Basil Seed Starting Kit (Ceramic Pot) 2PK | Ceramic Pot

Basil Seed Starting Kit (Ceramic Pot)

2PK | Ceramic Pot

Ready to start a new gardening adventure? Bonnie Plants® Basil Seed Starting Kit gives you everything you need to grow your favorite herb from seed! The kit includes a pretty pot, soil, your favorite non-GMO Genovese Basil seeds, and easy-to-follow growing instructions. Simply fill the planter with soil, sprinkle the seeds on top, press them into the soil, water well, place in a warm spot under light—and soon, you’ll see sweet baby basil plants appear!

Make sure to keep the soil moist (but not soggy) as your basil grows. The drainage hole in the bottom of the pot helps prevent overwatering. If the pot becomes overcrowded with too many basil seedlings, gently remove a few and use the leaves to enjoy as microgreens. Before you know it, you’ll be harvesting fabulous, flavorful basil for pesto, caprese salad, tomato sauce—all of your favorite recipes! Basil prefers 6 to 8 hours of sun. Water when the top inch of soil feels dry to the touch, and feed with a liquid fertilizer two weeks after the seeds sprout. Basil seeds typically germinate in 14 to 18 days and will be ready to harvest in 80 to 90 days. Use the seed kit indoors year round or grow outside when the danger of frost has passed. You’ll love the pleasure of growing your own basil from seed!

Some Bonnie Plants varieties may not be available in your local area, due to different variables in certain regions. Also, if any variety is a limited, regional variety it will be noted on the pertinent variety page.

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Nutrition Information

Light requirements: Full sun is ideal, but plants can grow in part shade.

Planting: Space 8 to 18 inches apart, depending on type. (Read the stick tag that comes with the plant for specific spacing recommendations.)

Soil requirements: Plants grow best in rich, moist but well-drained soil with a pH of 6.0 to 7.0. Work organic matter into soil before planting to add fertility and improve moisture retention. In containers, use premium quality potting soil.

Water requirements: Keep soil consistently moist through the growing season. Add a mulch layer to slow water evaporation from soil. In containers, water whenever the top inch of soil is dry.

Frost-fighting plan: Basil is very frost-tender and damaged by temperatures below 40º F. Use a frost blanket to protect newly planted seedlings from late spring frosts or prolong the fall growing season.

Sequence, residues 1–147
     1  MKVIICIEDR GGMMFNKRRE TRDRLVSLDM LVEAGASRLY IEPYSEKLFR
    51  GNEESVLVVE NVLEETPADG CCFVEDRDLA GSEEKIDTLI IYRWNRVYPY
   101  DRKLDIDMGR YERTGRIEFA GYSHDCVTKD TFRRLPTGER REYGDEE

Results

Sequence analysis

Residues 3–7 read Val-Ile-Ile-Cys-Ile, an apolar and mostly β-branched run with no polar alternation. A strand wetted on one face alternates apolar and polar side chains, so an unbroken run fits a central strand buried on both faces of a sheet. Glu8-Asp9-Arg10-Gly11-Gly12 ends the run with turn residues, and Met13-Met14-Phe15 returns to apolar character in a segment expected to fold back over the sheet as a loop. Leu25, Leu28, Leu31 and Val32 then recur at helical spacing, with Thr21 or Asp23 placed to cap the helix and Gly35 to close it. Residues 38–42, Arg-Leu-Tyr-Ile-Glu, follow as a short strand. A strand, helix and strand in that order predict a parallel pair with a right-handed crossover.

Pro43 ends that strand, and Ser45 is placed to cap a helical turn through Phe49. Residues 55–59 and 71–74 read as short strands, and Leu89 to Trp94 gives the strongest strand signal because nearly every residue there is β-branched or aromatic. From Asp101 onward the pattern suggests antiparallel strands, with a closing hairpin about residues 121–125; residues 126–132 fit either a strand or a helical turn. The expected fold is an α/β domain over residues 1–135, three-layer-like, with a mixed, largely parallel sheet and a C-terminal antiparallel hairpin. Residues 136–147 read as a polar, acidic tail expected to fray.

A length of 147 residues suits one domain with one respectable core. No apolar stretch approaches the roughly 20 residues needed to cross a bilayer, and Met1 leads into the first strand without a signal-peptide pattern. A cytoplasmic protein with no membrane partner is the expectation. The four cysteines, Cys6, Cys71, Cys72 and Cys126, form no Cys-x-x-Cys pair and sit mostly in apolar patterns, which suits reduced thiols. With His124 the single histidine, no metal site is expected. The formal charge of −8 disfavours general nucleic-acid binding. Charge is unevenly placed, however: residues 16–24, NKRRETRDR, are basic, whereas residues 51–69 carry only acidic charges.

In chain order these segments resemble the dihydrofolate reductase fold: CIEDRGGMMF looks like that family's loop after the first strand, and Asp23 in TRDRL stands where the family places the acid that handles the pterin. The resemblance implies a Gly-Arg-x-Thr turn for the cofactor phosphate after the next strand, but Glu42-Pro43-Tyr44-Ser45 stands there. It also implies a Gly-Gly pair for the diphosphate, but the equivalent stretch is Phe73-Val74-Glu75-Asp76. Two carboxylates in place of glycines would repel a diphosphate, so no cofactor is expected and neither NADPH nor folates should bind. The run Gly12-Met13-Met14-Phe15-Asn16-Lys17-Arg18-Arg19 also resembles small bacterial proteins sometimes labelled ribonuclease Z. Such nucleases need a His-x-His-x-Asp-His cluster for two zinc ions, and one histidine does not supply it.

Common issues: Pinch flower buds to keep plants from bolting. Once flowers form, leaf flavor changes. Pests to watch out for: aphids, slugs, Japanese beetles, and earwigs. Fungal diseases sometimes occur in humid climates, and root rot is common in poorly drained soil.

Growing tips: Pinch or prune basil plants as they grow to promote branching and bushiness. Never cut into the woody parts of a stem; plants won’t resprout.

Harvesting: Pick leaves at any point in the growing season. Choose individual leaves, or snip leafy stems to the length you desire.

Storage: Cut basil stems and place in water like a fresh bouquet. They’ll last for weeks, provided you remove any leaves below the water line and change water regularly. Never place basil in the refrigerator; the cold air damages leaves. Preserve basil by freezing or in herbal vinegars.

For more information, visit the Basil page in our How to Grow section.

Nutrition Facts

5 leaves, fresh:
  • Calories: 1
  • Carbohydrates: 0g
  • Dietary fiber: 0g
  • Sugars: 0g
  • Protein: 0g
  • Vitamin A: 3% DV
  • Vitamin C: 1%
  • Vitamin K: 13%
  • Vitamin B6: 0%
  • Folate: 0%
  • Potassium: 0%
  • Manganese: 1%

Nutritional Information

Packed with Vitamin K, fresh basil helps with blood clotting and aids in bone strength. Used medicinally for its antioxidants and antibacterial properties, basil oil provides an immune system boost and combats aging and skin ailments. A member of the mint family, basil is native to India, Asia, and Africa, and its sweet aroma often infuses Mediterranean dishes. To maintain flavor and color when cooking with fresh basil, mix in the bright green leaves during the last few minutes. You can also crush the leaves with a mortar and pestle to maximize the herb’s hearty flavor. Basil freezes well; just wash and dry thoroughly before tightly sealing in freezer bags.